As David and I walked out at the end of the day, I was struck by the difference in appearance between his school and the one upstairs, which clearly gets more funding and attention than the other. It may look nicer up there, but I have developed a very soft spot for the students and the staff at Lincoln St Alternate Ed. What happens there is very, very special indeed. 

Exhibiting the Courage to Care

Today I was privileged to accompany 45 students on a visit to the Courage to Care exhibition in Portland.

We heard the personal story of a man named Harry, a Holocaust survivor from Poland. Harry’s story was incredibly powerful. So were the tears he shed while telling it. You couldn’t help but be moved by this first-hand account of the terrible things that were done during World War II. 

Courage to Care exists because they are passionate about telling many, many stories just like Harry’s. Given that we are celebrating the 70th anniversary of the end of the war, they know that it won’t be long before there are no survivors left to tell their stories to the generations that follow them. 

  

The message is not just about the Holocaust. It’s a message against any form of prejudice, hatred, intolerance or bullying. Differences between people are only ever superficial; underneath our skin, we’re all the same.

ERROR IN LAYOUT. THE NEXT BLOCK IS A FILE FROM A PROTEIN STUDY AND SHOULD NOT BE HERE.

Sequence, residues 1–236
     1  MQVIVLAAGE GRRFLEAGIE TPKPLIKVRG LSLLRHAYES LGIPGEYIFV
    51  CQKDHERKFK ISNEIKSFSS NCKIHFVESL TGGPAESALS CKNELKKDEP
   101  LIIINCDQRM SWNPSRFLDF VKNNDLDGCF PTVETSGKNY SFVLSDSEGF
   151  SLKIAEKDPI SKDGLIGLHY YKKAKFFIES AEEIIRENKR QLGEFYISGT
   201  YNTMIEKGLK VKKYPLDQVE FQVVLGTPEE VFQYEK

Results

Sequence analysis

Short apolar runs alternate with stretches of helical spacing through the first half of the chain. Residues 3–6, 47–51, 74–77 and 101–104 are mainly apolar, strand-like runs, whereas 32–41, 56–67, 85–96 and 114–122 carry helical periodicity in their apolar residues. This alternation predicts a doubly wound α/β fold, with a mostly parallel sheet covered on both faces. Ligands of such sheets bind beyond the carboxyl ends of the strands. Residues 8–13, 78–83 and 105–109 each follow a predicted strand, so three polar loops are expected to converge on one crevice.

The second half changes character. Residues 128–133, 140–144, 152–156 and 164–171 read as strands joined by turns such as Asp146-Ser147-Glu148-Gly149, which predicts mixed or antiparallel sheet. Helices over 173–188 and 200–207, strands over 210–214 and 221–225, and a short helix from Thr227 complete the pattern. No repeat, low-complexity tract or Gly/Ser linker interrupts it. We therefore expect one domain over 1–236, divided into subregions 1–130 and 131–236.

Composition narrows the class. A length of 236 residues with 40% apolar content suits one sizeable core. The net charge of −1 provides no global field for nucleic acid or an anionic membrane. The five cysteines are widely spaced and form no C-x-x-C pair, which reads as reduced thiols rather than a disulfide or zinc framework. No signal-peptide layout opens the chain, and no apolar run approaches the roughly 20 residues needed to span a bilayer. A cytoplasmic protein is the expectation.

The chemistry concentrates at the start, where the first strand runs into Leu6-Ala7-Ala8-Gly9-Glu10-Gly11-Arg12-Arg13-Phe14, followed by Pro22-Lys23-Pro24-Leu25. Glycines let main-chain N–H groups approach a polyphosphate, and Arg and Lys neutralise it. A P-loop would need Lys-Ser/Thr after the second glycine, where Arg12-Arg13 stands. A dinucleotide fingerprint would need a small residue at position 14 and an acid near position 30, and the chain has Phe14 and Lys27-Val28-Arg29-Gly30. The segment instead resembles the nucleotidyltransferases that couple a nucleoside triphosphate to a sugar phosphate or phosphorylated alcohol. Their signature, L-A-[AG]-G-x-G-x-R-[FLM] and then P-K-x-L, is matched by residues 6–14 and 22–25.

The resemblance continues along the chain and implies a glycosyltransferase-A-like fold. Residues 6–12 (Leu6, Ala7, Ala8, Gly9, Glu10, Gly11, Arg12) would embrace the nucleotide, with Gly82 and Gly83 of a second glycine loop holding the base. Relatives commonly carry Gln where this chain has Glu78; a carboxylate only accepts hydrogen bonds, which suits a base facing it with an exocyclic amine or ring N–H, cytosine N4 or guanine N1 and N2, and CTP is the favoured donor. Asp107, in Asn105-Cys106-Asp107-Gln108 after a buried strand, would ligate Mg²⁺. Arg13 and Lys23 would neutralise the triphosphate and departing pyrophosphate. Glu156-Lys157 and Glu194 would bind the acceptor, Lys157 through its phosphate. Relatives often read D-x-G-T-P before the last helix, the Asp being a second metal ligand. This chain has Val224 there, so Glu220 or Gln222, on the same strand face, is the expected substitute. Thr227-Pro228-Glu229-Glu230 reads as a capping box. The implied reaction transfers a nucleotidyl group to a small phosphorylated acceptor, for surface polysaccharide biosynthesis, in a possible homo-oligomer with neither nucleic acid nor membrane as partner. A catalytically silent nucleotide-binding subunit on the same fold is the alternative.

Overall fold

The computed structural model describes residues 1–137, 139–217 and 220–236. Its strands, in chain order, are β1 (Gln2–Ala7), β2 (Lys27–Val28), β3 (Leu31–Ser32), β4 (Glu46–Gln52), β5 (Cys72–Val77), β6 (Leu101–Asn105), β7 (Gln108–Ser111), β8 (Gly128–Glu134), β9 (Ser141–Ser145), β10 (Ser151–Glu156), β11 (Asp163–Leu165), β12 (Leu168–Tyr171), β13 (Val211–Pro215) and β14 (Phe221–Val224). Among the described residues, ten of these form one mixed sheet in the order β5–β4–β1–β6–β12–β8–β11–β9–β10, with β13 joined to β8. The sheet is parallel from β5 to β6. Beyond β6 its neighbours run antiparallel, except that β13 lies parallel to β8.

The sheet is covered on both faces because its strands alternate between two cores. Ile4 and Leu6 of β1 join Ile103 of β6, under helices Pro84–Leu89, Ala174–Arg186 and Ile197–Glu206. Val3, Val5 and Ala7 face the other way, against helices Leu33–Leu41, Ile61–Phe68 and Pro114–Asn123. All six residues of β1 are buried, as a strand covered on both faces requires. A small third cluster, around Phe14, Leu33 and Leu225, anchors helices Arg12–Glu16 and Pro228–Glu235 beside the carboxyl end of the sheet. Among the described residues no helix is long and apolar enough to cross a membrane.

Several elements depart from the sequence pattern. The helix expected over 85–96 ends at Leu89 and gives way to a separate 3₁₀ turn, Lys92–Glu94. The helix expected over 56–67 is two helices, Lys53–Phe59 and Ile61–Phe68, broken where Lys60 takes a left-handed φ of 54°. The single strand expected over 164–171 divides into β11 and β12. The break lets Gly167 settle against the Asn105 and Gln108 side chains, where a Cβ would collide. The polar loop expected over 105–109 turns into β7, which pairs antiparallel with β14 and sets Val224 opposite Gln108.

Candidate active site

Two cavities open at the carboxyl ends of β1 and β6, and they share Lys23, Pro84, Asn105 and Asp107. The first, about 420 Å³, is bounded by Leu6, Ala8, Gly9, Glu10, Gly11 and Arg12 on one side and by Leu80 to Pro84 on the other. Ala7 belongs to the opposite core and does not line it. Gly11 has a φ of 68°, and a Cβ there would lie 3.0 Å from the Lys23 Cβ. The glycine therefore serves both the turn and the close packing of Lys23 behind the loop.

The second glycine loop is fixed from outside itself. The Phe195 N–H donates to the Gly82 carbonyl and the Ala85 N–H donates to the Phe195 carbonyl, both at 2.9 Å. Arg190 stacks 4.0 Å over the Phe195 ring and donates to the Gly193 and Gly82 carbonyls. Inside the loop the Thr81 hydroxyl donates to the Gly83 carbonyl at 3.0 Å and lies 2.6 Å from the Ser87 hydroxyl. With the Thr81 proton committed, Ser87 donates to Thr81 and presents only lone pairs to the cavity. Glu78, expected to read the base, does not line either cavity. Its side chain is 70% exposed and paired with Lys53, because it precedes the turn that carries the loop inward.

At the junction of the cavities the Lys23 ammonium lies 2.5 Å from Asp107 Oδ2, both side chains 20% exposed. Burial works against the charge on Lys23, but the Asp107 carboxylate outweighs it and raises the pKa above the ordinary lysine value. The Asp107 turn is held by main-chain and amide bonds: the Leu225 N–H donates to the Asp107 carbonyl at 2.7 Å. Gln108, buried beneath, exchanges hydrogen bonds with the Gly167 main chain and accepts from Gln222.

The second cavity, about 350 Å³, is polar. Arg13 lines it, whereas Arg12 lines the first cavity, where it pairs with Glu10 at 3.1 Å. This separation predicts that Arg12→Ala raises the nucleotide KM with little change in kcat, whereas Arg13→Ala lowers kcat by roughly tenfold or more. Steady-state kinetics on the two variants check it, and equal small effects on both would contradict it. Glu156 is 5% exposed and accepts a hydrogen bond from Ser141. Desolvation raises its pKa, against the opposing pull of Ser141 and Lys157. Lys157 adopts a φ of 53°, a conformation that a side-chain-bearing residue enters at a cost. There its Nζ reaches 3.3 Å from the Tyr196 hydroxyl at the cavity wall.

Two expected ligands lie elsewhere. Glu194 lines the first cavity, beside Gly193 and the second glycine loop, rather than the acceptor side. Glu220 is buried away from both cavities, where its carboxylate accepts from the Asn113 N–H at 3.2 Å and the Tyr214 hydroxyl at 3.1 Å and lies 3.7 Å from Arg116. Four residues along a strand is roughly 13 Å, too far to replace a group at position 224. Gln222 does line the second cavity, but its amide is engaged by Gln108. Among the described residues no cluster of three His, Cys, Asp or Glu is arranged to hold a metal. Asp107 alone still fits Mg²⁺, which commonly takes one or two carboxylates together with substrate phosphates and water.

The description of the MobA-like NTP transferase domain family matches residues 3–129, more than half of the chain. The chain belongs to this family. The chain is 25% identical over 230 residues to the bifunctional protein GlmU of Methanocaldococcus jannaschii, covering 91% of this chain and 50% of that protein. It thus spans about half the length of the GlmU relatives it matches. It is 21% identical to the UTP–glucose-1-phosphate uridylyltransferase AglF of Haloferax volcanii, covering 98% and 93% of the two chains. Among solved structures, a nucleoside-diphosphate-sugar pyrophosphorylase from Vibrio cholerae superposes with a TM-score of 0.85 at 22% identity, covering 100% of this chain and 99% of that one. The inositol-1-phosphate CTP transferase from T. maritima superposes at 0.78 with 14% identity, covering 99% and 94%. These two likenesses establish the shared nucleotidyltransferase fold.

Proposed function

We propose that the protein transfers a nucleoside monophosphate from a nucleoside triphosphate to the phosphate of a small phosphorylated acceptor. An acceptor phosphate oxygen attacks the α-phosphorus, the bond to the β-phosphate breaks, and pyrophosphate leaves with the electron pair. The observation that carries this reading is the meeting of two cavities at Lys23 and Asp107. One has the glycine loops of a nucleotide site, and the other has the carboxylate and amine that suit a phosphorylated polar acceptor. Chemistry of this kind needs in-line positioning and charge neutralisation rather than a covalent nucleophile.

Everyone who visits the exhibition is encouraged to be “Upstanders, not Bystanders”. It’s hard to leave without experiencing the conviction that you will never accept or condone discrimination again.

I cried as Harry told his story, not just for Harry but for every family who lived through the same thing. I cried for parents who lost children, children who lost parents, and siblings who lost each other.  

I cried again when I read the stories of two families in Rotterdam who worked with the Dutch Resistance and help save Jewish people from the Nazis. They almost certainly knew my grandfather, who worked for the Dutch Reaistance throughout the war, and was personally hunted by the Nazis as a result.